Motivation, Self-Efficacy and Weight Loss in a RCT Weight Loss Intervention

Alyssa Singer, Charles Swencionis, Christopher Cimino

Abstract


Background: Research on the relationship between motivation, and dieting and exercise self-efficacy, and weight loss has produced inconsistent findings. Thus, this study aims to explore and clarify the relationship between these constructs. 

Method: This study evaluated 429 participants who were part of a larger RCT. Participants were randomized into three groups of progressive, increasing intensity: workbook only, computer intervention and computer intervention plus staff. Weight and height were collected at baseline, 6 months and 12 months. Average initial body mass index (BMI) was 35.36. Participants also completed the Dieting Readiness Questionnaire, the Eating Habits Confidence Survey and the Exercise Confidence Survey at baseline. We hypothesized that motivation and self-efficacy would predict change in BMI regardless of group assignment.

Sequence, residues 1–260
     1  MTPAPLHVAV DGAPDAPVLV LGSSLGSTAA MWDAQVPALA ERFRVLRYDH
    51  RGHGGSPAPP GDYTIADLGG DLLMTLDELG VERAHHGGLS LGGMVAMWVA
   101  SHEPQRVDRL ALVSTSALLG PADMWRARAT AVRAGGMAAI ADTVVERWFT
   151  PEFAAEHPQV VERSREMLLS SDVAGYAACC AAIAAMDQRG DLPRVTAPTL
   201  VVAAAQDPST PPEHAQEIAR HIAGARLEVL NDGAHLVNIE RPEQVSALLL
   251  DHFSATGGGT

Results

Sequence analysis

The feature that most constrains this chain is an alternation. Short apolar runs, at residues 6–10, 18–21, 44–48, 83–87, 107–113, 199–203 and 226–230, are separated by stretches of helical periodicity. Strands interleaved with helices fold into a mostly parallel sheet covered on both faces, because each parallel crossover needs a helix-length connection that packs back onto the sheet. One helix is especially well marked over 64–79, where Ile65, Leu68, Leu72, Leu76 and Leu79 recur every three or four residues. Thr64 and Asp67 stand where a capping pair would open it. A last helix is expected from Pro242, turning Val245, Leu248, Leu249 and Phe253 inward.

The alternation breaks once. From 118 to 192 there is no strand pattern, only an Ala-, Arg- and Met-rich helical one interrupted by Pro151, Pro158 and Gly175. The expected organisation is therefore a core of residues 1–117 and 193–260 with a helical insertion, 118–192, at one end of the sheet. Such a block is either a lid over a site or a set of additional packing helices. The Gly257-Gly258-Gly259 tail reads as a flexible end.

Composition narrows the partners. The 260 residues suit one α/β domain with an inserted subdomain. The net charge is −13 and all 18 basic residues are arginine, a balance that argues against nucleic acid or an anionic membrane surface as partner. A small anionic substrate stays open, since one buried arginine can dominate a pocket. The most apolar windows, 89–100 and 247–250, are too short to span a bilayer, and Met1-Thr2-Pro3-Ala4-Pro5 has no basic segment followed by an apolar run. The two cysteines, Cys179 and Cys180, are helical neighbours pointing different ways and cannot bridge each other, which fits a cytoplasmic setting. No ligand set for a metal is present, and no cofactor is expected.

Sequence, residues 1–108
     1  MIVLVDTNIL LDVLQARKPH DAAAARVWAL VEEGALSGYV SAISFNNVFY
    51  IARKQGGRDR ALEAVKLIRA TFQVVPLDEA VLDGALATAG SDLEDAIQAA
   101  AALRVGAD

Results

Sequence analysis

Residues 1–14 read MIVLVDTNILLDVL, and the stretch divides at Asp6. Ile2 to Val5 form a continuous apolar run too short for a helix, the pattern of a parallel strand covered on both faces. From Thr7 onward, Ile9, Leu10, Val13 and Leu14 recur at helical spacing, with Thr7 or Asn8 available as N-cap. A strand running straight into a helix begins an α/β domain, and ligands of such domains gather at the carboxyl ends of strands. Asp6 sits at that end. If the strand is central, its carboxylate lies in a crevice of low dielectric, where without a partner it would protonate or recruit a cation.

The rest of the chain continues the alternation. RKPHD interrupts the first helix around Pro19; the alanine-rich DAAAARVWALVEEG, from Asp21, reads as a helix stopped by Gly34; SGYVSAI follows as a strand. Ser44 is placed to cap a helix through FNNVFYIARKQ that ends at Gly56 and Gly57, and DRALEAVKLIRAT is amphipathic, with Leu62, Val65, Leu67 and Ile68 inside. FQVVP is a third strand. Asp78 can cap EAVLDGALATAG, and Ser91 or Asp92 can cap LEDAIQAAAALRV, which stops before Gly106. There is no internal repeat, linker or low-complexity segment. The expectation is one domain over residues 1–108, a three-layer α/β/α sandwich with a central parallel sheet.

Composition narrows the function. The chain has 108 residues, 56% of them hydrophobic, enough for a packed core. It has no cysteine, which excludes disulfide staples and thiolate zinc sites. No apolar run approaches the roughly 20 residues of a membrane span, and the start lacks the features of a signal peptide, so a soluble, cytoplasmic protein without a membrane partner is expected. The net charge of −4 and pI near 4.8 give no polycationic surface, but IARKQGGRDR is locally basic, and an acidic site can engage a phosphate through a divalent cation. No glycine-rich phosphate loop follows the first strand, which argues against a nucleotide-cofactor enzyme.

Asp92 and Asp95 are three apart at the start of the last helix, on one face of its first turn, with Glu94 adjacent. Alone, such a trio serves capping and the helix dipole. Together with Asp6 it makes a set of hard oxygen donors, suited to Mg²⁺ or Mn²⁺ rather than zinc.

Results: Factor analyses confirmed that each survey examined a unitary construct, yet Pearson’s product moment correlations found no significant relationship between change in BMI and motivation and self-efficacy surveys. Mean difference for change in BMI was significant for the highest intensity intervention group (M = -1.19, SE = .17) when compared to the lowest (M = -.37, SD = 2.44), F(2,426) = 3.79, p = .02). The majority of this overall change difference was further isolated to the first half of the study, F(2,426) = 6.91, p = .001.

Conclusion: Findings suggest initial motivation is less related to weight loss than is clinical support. It is unclear how self-efficacy fluctuated throughout the study; further evaluation may be necessary to utilize motivation and self-efficacy to enhance weight loss. 


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